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2 activists (and 2 views) of women's rights in Morocco

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Saida Idrissi and Nadia Yassine have a lot in common in the fight for women's rights in Morocco.

The two advocates battle violence against women while campaigning for their education and the ability to participate in politics. They are nonetheless separated by a divide that, according to both, makes it impossible for them to work together, weakening the drive for equality in the Middle East.

Idrissi, a secular human-rights activist, says Islamic tradition must not be allowed to influence laws governing social issues like marriage and divorce. Islamic militants, she says, "'want to base law on the Koran, something we think will inhibit women."

Yassine, the daughter of a nationally known Islamic opposition leader, counters that Islam, when applied correctly, is the real basis for women's rights. "Secular feminists live in a separate world," she says. "They ape the imperialist West. The fact is, we are Muslims here. How else can women see rights except through Islam?"

 Morocco's dueling feminists are part and parcel of a political struggle taking place across the region. Secular democratic and human-rights activists keep their distance from Islamic activists, arguing that the religion is autocratic and wants to use democratic measures only to impose its rules on marriage, dress, and social and sexual mores.

Islamists counter that religious teachings and human rights aren't at odds. They charge that their adversaries want to suppress their freedoms, effectively putting the secularists in league with dictatorships that rule most of the Middle East.

In effect, Idrissi's path to liberation leaves Islam behind; Yassine's follows a strict Islamic road map.

The conflict spilled into Moroccan feminist issues in 2003, when the country revamped family law after several years of debate and pressure from supporters of women's rights.

The new law established legal procedures for divorce. Previously, a man could dump his wife simply by uttering a few phrases of repudiation - a practice justified by some Islamic scholars - without going to court. Under the reform, women were no longer required to obey their husbands in everything, and, for the first time, were allowed to apply for passports on their own.

The law also lifted the marriage age to 18 from 15, and while not banning polygamy, which Islam allows, it permitted a first wife to veto in a marriage contract future matrimony by her husband.

Women are up against a traditional perception that they are inferior, even diabolical, says Mounia Belafia, 37, a journalist and secular feminist who wrote a book on representations of women in Moroccan proverbs.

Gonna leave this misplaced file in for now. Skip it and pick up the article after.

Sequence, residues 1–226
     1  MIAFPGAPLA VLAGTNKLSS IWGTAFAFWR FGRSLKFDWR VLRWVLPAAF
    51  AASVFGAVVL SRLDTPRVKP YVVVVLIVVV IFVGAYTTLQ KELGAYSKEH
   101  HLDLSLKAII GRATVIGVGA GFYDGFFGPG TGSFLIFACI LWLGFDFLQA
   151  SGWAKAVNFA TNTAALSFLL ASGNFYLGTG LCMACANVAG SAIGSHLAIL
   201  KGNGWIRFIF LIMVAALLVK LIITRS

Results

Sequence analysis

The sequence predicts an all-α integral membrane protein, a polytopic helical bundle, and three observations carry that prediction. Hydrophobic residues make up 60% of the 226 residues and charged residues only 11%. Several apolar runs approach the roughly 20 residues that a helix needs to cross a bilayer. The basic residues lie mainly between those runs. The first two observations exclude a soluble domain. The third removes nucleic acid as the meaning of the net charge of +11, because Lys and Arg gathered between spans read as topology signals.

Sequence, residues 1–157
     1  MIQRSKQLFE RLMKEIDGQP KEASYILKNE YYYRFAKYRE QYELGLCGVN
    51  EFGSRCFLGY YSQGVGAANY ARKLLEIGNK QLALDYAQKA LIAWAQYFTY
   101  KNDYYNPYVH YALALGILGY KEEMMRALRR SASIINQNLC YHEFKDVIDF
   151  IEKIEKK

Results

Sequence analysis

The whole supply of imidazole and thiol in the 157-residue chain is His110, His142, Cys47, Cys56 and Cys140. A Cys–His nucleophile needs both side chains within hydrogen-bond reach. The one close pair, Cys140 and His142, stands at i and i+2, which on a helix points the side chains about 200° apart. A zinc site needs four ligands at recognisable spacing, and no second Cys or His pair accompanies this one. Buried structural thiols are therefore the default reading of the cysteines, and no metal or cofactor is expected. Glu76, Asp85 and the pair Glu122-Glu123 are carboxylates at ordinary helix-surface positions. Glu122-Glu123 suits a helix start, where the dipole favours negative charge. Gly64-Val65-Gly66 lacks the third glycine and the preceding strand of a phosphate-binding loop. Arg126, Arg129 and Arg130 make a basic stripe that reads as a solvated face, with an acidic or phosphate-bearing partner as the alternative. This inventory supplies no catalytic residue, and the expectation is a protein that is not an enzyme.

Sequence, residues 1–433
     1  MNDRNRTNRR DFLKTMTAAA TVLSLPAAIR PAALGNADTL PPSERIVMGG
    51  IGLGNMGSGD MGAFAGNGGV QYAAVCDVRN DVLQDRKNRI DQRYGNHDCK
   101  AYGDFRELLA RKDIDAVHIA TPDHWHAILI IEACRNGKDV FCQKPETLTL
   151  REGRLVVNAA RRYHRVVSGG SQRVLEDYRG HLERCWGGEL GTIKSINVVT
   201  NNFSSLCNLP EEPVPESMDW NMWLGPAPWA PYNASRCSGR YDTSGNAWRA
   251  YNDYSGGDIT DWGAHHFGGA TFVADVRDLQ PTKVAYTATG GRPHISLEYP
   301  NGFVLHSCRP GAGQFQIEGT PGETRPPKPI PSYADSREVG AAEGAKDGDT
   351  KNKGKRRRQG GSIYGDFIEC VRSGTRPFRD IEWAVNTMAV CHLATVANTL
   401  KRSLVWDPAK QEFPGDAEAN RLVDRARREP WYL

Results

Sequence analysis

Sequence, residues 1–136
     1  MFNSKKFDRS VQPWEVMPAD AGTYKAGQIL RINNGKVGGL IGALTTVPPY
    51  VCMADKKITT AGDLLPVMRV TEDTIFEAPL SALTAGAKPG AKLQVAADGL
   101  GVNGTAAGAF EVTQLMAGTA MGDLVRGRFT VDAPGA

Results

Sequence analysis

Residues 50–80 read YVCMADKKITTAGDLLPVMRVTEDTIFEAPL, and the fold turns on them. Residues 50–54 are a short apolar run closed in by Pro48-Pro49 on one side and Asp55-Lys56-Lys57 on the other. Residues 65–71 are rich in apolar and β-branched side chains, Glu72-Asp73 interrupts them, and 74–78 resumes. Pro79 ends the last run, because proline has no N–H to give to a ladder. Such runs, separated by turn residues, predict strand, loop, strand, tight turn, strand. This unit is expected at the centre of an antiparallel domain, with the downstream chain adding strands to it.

Many of the aphorisms are hardly complimentary: "A woman is the belt of a snake wrapped around the devil," says one. Even those meant to flatter somehow come out as a put-down: "A milk's quality is measured by the size of the cow's udder; a woman's quality, by her legs."

Belafia says the Koran fortifies these attitudes by referring to women as "topsoil" to be cultivated by their husbands.

Idrissi agrees. She belongs to the Democratic Association of Women of Morocco, which researches women's issues and provides legal advice. Women come and go from her office in Rabat, the capital, wearing free-flowing hairdos and short-sleeved blouses - marks of the secular, urban Moroccan woman.

Idrissi, 51, says judges intimidate wives who seek divorce by saying their action is un-Islamic. The government's continued toleration of polygamy, even with restrictions, suggests that Islamic law trumps civil rights, she adds.

"The issue is mentality," she says. "Islam is part of the patriarchal mentality that dominates Morocco."

Yassine, 49, opposes some of the family-law measures. She speaks for the women's branch of the Justice and Spirituality Movement, an Islamic opposition group founded by her father, Abdessalam Yassine. Women at her home, just a few kilometers from Idrissi's headquarters, wear tight-fitting scarves around their heads to hide hair and long-sleeve blouses - signs of Islamic-based modesty.

The Justice and Spirituality Movement is banned from politics but provides social aid and education to the poor. Thousands of its members demonstrated against the family law in 2003. In 2005, Nadia Yassine was charged with contempt of "national sacred institutions" for favoring establishment of a republic in Morocco - a no-no under King Mohammed VI's rule. Her trial has been postponed repeatedly.

She contends that raising the marriage age ignores the reality that poverty, not Islamic macho domination, drives women to wed early in Morocco, where 40 percent of the people live in rural areas. Otherwise, undereducated girls turn to prostitution to support themselves, she says.

The secular demand to ban polygamy goes against Moroccan "identity," Yassine adds, noting that the Koran's tolerance for as many as four wives was, in fact, a limitation imposed on men who, before Islam, could have "hundreds."

"These other so-called feminists think only in terms of employment," she says. "It is also a woman's nature to have a maternal role, and they don't talk about that."

Any chance of Islamic-secular sisterhood between Idrissi and Yassine, given their common desire to improve the lot of women?

"Well, we don't really talk," Idrissi says.

"We wouldn't mind," Yassine says. "But they don't want to meet. They're afraid of us."

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